by Alecia Mouhanna
January 17, 2017
In a now-famous 2013 New York Times op-ed, actress Angelina Jolie surprised the world by announcing that she’d undergone a preventative bilateral mastectomy, in response to her heightened risk of developing breast cancer due to mutations in the BRCA1 gene. Though her decision seemed shocking at the time, it may have been reflective of a growing trend: according to one study, instances of bilateral mastectomies had nearly tripled in the 10-year period between 2002 and 2012, increasing from 3.9% to 12.7% in women diagnosed with invasive breast cancer.
Following bilateral and unilateral mastectomies, breast reconstruction has become the standard of care (largely thanks to the Women’s Health and Cancer Rights Act of 1998, which requires that insurance plans cover prosthetics and reconstructive procedures). While the vast majority of women do still choose to undergo the procedure, a smaller but still-significant portion of women appear to be deciding against the reconstructive process.
According to a study by The Freedonia Group, in spite of the increase in elective bilateral mastectomies, demand for breast implants is expected to decrease to $370 million in 2020, down from $400 million in 2015. This decline in demand is due to evolving standards of female beauty. Rising emphasis on going au natural -- whether it be in food, beauty products, or a person’s own body -- has rendered breast augmentation and other surgical enhancements somewhat passé. This is true both for individuals considering implants for cosmetic reasons (which still comprise the majority of demand for implants), and women who may be left weighing their options after breast cancer surgery.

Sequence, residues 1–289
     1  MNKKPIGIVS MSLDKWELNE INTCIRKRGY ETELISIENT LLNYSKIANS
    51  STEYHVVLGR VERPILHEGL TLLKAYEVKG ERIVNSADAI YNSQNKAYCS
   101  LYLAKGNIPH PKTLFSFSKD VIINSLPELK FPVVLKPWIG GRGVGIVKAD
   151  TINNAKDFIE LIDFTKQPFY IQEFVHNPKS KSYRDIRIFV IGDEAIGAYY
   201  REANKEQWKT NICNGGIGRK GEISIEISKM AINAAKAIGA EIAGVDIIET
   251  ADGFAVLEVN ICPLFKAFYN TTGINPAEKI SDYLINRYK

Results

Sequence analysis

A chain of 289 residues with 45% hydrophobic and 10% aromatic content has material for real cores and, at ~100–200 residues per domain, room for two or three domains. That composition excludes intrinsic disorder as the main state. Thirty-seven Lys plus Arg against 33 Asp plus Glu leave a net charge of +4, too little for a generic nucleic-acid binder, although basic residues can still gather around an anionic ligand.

Additionally, the challenges associated with invasive cosmetic surgical procedures such as breast augmentation present a check on demand for implants. While more advanced silicone implants certainly represent an improvement over the failure-prone saline products of the past, there is still a significant cost and risk associated with cosmetic breast augmentation. Women who choose to “go flat” and forego breast reconstruction after cancer are not only doing so as a rejection of standards for female beauty, but for their own peace of mind. Post-mastectomy reconstruction can be a lengthy, painful process that is highly prone to complications, such as infections. For women who’ve just undergone the rigors of cancer treatment, it may be far easier to adapt to a new version of normal.
But there is also a happier reason for declining demand for implants. While it’s true that bilateral mastectomy rates have risen, statistics gleaned from the NCI database also showed that rates of unilateral mastectomies had dropped from 35.8% to 28.9% between 2002 and 2012, with the rate of breast conserving surgery holding steady at 59%. As less invasive, more patient-friendly cancer treatments continue to evolve and eventually supplant major surgical procedures, there may one day come a time when women won’t have to decide whether or not they can do without.
To learn more, check out Medical Implants in the US, a new comprehensive industry study from The Freedonia Group, which provides analysis on the following:
Alecia Mouhanna is a Corporate Analyst at The Freedonia Group, where she researches and writes about a diverse range of topics, including construction and building materials, chemicals, packaging, and more.
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